The description of the Montessori charter brouhaha in Santa Cruz downplayed the extent to which that school would have done direct harm to students in Santa Cruz city schools, taking resources from kids in existing schools and causing programs to shut down. By the way, claims of "long waiting lists" are a standard line from the charter sector, are often false, and are entirely unverifiable. No reporter should quote a self-promoting, unverified and unverifiable boast as gospel.

The reporter must have been caught off guard by the charter sector's billionaire-funded propaganda machinery. I hope you'll make more of an effort to recognize hype and propaganda in the future and tell both sides of the story.
CarolineSF

The spokespeople above are fighting charters because charters do much more with much less. Let's recognize that forced membership and forced dues are relics from the last century (or the one before that). The use of forced dues to fight innovation is the civil rights issue of the 21st century. Time to recognize reality and get constructive.
— Taxpayer

On ‘Gangs’  ...    
I believe in an ever more aggressive form of educational support (i.e. schools/families) to take out glamour joining gangs and prove how truly stupid it really is. I applaud these organizations for taking up this effort, but wish the local schools/families would a join in, with discussion with an effective education/support system. Speakers of former gang members perhaps, part of it to show how dumb it is to believe what they see in movies is reality. Show it is noble to "rat out" gang members because this is serious community/civil issue which often leads to senseless tragedy.
Bill Smallman

Clarification
The photo used to accompany last week's A&E story, "Born To Ride," was not of Santa Cruz Mission State Historic Park. Rather, it was a photo of the chapel, which belongs to the Roman Catholic Parish of Holy Cross.

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Cardinal Grand Cross in the Sky

Following Holy Week (passion, death and burial of the Pisces World Teacher) and Easter Sunday (Resurrection Festival), from April 19 to the 23, the long-awaited and discussed Cardinal Cross of Change appears in the sky, composed of Cardinal signs Aries, Libra, Cancer, and Capricorn, with planets (13-14 degrees) Uranus (in Aries), Jupiter (in Cancer), Mars (in Libra) and Pluto (in Capricorn), an actual geometrical square or cross configuration. Cardinal signs mark the seasons of change, initiating new realities.

 

Sugar: The New Tobacco?

Proposed bill would require warning labels on sugary drinks Will soda and other saccharine libations soon come with a health warning? They will if it’s up to our state senator, Bill Monning (D-Carmel). On Feb. 27, Monning proposed first-of-its-kind legislation that would require a consumer warning label be placed on sugar-sweetened beverages sold in California. SB 1000, also known as the Sugar-Sweetened Beverages Safety Warning Act, was proposed to provide vital information to consumers about the harmful effects of consuming sugary drinks, such as sodas, sports drinks, energy drinks, and sweetened teas.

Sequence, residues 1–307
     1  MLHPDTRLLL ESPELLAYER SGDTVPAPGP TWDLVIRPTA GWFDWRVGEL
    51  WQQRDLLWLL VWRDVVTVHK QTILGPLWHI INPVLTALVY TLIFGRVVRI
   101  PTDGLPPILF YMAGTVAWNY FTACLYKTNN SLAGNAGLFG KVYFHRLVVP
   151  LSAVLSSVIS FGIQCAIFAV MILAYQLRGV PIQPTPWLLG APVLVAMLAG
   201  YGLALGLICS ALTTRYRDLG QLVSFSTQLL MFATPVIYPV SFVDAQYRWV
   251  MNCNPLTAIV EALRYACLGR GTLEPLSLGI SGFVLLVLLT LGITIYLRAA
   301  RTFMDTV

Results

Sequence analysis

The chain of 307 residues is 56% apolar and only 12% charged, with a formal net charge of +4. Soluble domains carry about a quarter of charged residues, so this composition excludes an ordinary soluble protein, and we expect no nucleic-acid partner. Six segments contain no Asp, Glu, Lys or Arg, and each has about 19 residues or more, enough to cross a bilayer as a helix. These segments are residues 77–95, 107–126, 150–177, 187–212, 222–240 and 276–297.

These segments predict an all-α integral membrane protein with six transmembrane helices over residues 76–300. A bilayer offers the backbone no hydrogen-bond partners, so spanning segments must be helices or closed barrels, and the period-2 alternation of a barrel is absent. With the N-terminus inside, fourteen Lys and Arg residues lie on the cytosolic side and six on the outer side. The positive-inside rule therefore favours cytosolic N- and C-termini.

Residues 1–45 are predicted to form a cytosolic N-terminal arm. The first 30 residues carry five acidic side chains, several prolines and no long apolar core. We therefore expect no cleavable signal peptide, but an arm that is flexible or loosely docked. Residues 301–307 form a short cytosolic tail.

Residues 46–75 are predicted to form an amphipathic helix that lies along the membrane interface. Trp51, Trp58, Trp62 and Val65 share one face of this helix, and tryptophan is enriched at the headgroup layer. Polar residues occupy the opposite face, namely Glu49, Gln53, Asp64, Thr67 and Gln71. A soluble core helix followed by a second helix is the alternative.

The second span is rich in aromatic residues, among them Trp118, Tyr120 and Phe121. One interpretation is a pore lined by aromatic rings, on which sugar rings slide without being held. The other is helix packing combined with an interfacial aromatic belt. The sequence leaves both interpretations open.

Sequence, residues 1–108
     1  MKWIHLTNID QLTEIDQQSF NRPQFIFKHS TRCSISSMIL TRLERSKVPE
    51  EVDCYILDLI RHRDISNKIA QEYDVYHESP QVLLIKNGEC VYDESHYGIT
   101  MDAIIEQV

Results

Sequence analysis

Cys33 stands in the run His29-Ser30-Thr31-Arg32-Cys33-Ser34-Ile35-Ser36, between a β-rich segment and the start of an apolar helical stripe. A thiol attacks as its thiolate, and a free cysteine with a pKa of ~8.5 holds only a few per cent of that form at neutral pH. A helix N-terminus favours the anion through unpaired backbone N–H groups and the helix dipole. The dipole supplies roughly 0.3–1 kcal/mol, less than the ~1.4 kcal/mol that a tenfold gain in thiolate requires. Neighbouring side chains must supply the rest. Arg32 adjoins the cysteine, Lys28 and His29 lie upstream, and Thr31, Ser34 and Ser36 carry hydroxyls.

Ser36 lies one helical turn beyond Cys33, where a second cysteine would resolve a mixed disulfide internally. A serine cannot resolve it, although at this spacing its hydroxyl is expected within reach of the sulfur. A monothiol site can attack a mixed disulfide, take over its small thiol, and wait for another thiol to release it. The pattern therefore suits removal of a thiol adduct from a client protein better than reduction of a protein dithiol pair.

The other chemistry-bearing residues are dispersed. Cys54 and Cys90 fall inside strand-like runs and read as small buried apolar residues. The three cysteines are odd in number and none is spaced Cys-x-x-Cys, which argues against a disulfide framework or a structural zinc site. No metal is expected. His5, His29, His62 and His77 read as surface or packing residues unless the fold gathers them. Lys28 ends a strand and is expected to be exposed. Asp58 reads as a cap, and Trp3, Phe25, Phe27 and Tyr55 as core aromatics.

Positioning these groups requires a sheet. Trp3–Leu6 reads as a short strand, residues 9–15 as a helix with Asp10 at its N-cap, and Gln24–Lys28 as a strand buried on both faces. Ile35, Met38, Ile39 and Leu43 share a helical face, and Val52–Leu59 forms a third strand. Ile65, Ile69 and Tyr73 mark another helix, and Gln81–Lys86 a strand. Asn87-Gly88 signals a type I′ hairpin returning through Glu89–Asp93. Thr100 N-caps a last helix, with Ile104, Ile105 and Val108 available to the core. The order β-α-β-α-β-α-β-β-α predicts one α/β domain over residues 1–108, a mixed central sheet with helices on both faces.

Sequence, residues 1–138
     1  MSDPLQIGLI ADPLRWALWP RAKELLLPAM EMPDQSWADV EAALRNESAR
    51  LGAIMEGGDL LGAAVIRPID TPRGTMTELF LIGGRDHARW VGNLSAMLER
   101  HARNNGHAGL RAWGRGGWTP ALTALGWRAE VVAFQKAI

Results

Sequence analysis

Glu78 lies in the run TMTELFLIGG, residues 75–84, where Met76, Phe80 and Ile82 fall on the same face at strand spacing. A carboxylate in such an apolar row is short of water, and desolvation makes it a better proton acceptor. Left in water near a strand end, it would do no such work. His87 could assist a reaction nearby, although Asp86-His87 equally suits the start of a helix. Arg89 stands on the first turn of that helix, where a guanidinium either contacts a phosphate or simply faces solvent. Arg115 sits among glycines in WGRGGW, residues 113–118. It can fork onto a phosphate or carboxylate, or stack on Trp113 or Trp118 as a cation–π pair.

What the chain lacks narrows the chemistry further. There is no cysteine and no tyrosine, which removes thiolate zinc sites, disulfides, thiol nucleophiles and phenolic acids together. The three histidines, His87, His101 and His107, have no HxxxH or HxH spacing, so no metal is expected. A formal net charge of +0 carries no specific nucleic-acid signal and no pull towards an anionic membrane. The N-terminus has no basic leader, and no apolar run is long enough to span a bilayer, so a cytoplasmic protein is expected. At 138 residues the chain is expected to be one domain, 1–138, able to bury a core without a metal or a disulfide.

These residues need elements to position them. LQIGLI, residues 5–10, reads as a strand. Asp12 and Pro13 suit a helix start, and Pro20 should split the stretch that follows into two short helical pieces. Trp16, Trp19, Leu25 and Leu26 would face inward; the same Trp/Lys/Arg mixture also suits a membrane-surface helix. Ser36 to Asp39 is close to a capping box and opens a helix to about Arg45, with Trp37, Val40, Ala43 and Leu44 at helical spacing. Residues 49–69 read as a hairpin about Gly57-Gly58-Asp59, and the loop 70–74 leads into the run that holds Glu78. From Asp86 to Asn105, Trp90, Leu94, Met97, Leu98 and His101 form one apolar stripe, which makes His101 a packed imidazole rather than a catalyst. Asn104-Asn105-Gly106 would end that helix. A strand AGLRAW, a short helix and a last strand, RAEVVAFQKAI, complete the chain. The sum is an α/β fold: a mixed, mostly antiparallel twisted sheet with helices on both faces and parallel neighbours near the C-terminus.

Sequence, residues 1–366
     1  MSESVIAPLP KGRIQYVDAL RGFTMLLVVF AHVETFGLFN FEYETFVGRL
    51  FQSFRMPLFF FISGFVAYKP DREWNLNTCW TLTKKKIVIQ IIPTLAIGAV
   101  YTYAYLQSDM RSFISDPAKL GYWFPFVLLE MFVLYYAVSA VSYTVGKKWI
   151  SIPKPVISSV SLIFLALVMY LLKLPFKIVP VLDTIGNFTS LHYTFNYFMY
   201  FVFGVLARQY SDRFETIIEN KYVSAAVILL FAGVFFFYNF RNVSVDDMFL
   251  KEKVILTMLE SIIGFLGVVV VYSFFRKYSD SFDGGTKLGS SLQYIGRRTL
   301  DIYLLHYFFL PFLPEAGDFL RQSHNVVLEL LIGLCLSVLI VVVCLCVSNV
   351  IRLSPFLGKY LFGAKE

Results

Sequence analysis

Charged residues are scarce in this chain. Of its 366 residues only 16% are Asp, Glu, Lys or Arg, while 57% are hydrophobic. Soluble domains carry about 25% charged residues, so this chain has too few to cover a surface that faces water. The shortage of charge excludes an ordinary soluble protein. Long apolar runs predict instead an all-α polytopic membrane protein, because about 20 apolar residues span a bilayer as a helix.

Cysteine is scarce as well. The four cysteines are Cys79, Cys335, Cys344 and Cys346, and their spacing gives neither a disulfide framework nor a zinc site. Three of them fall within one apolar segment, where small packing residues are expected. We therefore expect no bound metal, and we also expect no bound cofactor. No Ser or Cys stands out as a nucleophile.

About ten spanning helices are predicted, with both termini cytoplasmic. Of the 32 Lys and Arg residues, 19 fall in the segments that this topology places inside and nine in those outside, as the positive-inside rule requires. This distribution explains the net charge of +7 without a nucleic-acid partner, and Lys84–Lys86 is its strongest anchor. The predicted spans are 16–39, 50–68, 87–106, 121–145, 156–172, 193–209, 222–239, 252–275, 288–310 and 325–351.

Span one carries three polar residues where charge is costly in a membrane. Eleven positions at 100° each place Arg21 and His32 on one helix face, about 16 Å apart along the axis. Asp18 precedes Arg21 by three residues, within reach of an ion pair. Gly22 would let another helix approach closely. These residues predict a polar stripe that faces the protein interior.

Film, Times & Events: Week of April 17

Santa Cruz area movie theaters >

 

Growing Hope

Campos Seguros combats sexual assault in the Watsonville farmworker community Farm work was a way of life for Rocio Camargo, who grew up in Watsonville as the daughter of Mexican immigrants. Her parents met while working the fields 30 years ago, and her father went on to run Fuentes Berry Farms.
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Foodie File: Red Apple Cafe

Breakfast takes center stage at Gracia Krakauer's Red Apple Cafe Before they moved to Aptos, Gracia and her husband Dan Krakauer would visit friends in Santa Cruz County and eat at the Red Apple Café all the time. Then they moved up here from Santa Monica five years ago, and bought the Aptos location (there’s a separate one in Watsonville) from the family who owned it for two decades.

 

How would you feel about a tech industry boom in Santa Cruz?

I feel like it would ruin the small old-town feeling of Santa Cruz. It wouldn’t be the same Surf City kind of vacation town that it is. Antoinette BennettSanta Cruz | Construction Management

 

Trout Gulch Vineyards

Cinsault 2012—la grande plage diurne The most popular wines on store shelves are those most generally known and available—Chardonnay, Sauvignon Blanc, Cabernet Sauvignon and Merlot, which are all superb for sure. But when you come across a more unusual varietal, like Trout Gulch Vineyards’ Cinsault ($18), it opens up a whole new world.

 

Waddell Creek, Al Fresco

Route One Summer Farm Dinner You’ve been buying their insanely fresh produce for years now at farmers’ markets. Right? So now why not become more familiar with the gorgeous Waddell Creek farmlands of Route One Farms?